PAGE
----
NC State Human Resources has partnered with the North Carolina State Health Plan and the American Heart Association to offer NC State Staff and Faculty Check. Change. Control®, a free evidence-based blood pressure monitoring program. The purpose of this program is to eliminate high blood pressure as a health disparity among Americans and help achieve the goal of improving cardiovascular health and reduce cardiovascular mortality.
Check. Change. Control® is a four month long blood pressure motoring program beginning Friday, February 2nd through Friday, June 1st.
This program will help staff and faculty:
- Check for and monitor high blood pressure
- Learn about lifestyle changes and preventative measures to reduce/prevent high blood pressure
- Help to connect with a health care provider
This program uses an online tracker, provides educational materials and messaging directly from the American Heart Association, and optional mobile alerts to keep participants motivated and on track.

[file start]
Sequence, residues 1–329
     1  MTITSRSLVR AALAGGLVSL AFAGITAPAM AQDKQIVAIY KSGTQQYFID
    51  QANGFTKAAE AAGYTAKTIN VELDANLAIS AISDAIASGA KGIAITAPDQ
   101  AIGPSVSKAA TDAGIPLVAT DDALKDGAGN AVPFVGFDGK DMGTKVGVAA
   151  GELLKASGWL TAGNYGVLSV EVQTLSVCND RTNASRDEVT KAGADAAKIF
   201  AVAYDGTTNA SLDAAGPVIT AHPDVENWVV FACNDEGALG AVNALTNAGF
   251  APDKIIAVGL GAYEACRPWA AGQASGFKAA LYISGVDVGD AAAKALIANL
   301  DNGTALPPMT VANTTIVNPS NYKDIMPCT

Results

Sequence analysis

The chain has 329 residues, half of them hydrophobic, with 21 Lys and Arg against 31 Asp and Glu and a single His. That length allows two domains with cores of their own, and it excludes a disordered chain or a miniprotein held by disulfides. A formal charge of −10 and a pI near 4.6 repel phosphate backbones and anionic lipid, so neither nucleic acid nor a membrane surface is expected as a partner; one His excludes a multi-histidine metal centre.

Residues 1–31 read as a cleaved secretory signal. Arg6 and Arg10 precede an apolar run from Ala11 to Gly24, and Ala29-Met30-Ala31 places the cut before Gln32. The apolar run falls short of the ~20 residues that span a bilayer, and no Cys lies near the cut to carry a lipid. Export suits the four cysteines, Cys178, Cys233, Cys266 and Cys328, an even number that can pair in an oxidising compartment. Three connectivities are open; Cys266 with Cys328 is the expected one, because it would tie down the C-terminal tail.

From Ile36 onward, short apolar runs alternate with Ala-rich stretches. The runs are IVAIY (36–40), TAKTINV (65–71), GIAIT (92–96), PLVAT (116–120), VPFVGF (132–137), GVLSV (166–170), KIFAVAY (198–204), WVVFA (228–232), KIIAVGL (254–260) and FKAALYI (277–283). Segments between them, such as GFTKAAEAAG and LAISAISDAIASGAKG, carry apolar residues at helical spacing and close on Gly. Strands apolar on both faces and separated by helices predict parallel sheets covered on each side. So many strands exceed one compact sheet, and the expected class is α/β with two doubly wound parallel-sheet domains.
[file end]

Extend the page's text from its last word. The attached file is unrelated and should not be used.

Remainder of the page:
- Visit heart.org/ccc and click Create an account
- Use the NC State Campaign Code: SHP 03
- Add NC State Benefits as your program volunteer by entering our unique code: 7A4B2A9014D4 in the search for volunteers tab
- Participants who enter a blood pressure reading at least once each month will be entered into monthly drawings for prizes.
Why is this important?
In the United States, high blood pressure accounts for the second most heart disease and stroke deaths among preventable causes… second only to smoking. Nearly one-third of all deaths in North Carolina can be attributed to cardiovascular disease and stroke. Eliminating high blood pressure (hypertension) could reduce cardiovascular deaths by more than one-third among U.S. adults.
- Healthy behaviors help prevent high blood pressure, and it makes a big difference.
- At age 50, people with normal blood pressure have a life expectancy five years longer than those with high blood pressure.
- At age 30, someone with hypertension (high blood pressure) is nearly 20% more likely to develop heart disease or stroke.
- Under the new blood pressure guidelines, nearly half of U.S. adults (45.6%) have hypertension.